By Dr Gary Tuxhorn
Managing nitrogen fertilizer is a topic that never seems to go away. I started research of nitrogen in 1978 – that was 42 years ago, and agronomists are STILL dealing with some of the same questions we were researching back then.
WHY IS NITROGEN MANAGEMENT SO HARD?
- Nitrogen is instrumental in determining yield in many crops.
- Nitrogen fertilizer is a big expense in many crop systems.
- Nitrogen application is affected by weather, and in-season applications are time consuming.
- Nitrogen loss and availability is governed by biological & physical processes both on and in soil. Therefore N losses & availability can vary year to year.
- The amount of nitrogen released from the soil organic matter can vary significantly year to year.
You may ask yourself, "Why does nitrogen fertilizer disappear from my field?" Well, there are two causes – water and oxygen – its either too much or too little.
Lets break it down to three common chemical forms of nitrogen found in fertilizers, and how they interact with water and oxygen.
AMMONIA (NH3) & AMMONIUM (NH4+)
When we put anhydrous ammonia in a field, and inject it underground the NH3 immediately grabs a hydrogen atom from water, and is converted into ammonium, NH4+. The extra hydrogen imparts a positive charge to the molecule, which causes it to bind to clay and organic matter, and stick around. That’s a good thing. As long as the ammonia knife seals the trench there’s enough water around to convert the NH3 to NH4+ . It is important to inject the NH3 deep enough so that it interacts with water before it diffuses to the soil surface. This is usually not a problem, but it can be an issue with shallow injection on sandy soils.
So, once NH3 is injected in the soil everything is fine, right?
Nope. Once NH4+ forms in the soil microorganisms start to work on it. If the soil is aerobic, not water logged, microorganisms will convert NH4+ to NITRATE (NO3-). This reaction is possible because microorganisms get energy from the conversion, in essence, they eat it. NO3- does NOT attach to the clay or organic matter, so it can leach out the bottom of the root zone, or out in the drainage tile.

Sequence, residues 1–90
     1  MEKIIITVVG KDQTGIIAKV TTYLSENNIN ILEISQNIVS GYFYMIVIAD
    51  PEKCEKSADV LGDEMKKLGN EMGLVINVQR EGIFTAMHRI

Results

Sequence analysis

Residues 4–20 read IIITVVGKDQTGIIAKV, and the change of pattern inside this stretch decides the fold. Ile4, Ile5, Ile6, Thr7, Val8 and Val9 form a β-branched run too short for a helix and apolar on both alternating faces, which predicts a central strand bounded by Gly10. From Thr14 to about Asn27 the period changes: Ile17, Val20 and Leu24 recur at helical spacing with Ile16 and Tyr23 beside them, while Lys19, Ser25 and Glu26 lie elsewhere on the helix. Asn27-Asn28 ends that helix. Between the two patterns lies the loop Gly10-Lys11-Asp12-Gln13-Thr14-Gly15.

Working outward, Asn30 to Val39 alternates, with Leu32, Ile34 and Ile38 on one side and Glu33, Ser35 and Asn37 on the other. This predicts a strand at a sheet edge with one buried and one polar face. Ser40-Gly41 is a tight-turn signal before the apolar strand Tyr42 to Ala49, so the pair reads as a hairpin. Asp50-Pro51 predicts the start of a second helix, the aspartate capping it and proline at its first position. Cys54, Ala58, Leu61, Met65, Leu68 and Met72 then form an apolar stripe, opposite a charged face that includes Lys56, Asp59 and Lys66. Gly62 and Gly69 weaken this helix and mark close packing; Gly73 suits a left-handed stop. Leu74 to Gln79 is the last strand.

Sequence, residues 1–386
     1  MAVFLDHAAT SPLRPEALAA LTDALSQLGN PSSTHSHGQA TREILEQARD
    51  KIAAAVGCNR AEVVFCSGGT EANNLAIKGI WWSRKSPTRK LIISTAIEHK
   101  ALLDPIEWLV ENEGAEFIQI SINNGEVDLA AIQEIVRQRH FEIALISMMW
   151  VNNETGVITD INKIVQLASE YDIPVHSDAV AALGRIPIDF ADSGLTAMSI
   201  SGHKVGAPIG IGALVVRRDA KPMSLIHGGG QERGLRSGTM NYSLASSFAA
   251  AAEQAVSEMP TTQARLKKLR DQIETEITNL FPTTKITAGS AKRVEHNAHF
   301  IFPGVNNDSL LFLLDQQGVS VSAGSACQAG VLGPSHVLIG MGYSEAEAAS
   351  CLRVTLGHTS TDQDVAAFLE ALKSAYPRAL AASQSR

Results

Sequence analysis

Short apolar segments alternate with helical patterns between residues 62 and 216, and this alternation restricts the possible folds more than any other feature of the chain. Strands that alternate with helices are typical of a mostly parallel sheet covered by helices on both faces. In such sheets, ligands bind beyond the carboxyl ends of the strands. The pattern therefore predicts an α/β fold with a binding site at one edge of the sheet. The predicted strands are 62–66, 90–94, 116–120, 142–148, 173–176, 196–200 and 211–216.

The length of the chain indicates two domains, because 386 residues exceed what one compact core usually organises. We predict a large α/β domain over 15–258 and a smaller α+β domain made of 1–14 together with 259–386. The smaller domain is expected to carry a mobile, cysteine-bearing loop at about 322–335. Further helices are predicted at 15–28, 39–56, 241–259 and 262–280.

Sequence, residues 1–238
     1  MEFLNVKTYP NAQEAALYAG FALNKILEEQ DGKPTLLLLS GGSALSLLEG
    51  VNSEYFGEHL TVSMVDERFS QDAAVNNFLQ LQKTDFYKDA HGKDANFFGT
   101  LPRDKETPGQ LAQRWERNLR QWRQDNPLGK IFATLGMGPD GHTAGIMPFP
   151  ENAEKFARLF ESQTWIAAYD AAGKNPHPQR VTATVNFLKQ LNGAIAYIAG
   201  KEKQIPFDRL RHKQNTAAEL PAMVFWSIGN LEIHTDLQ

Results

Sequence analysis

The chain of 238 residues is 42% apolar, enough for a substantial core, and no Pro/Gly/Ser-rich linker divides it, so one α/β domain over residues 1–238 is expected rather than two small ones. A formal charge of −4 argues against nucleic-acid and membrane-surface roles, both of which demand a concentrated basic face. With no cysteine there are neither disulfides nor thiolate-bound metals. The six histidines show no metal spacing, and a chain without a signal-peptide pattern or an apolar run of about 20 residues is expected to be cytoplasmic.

But what about when the soil is not aerobic – say it’s a heavy clay and water logged, with very slow drainage? NO3- won’t go out the bottom of the root zone, right? Well, yes, it won’t go out the bottom, but it definitely won’t stick around. If microorganisms don’t have O2 (oxygen) in the air or water they will start using the oxygen on NO3- to breath, and turn the NO3- to N2 gas. The same N2 that makes up 78% of the atmosphere.
The final form of nitrogen commonly used is UREA, either 46-0-0 granules, or urea ammonium nitrate solution. What happens to urea in soil? The first step is breaking urea into ammonia by the urease enzyme. If the urea breaks down on the soil surface NH3 can go off into the air. Rain (about 1/3 inch) or mechanical incorporation can stop that loss, but many acres are no-till, and rainfall can be stubborn about timing. Once the NH3 from urea gets in the soil, it follows that same path mentioned above to potential losses as anhydrous ammonia.
So, nitrogen fertilizer is subject to losses above the ground and below the ground. How can these losses be mitigated? Two Words: NITROGEN STABILIZERS. Products like N-Veil® can reduce surface losses by inhibiting the urea enzyme, and products like Preserve N™ can reduce below ground losses from leeching and denitrification. Or there is VolTerra™ a newly released product containing a combination of the active ingredients found in N-Veil® and Preserve N™ to manage both above and below ground losses in one convenient product.
No matter what product you choose - its essential to protect your investment. Call your local Simplot Grower Solutions Crop Advisor today for the best recommendation for your field.
DR. GARY TUXHORN
Dr. Gary Tuxhorn is our Technical Agronomist with focused support of Meridian Agriculture Distribution. Gary provides sound agronomic advice that resonates to both upper management and field staff alike. His approach and expertise delivers a clear understanding of complex topics and product info that all can appreciate and execute upon. Gary has worked on committees & groups on the national, regional, and state level with ARA, Agribusiness Association of Iowa, CCA, WSWS, and NCWSS. Dr. Tuxhorn grew up on a family farm in Eastern Nebraska, and attended the University of Nebraska and Washington State University.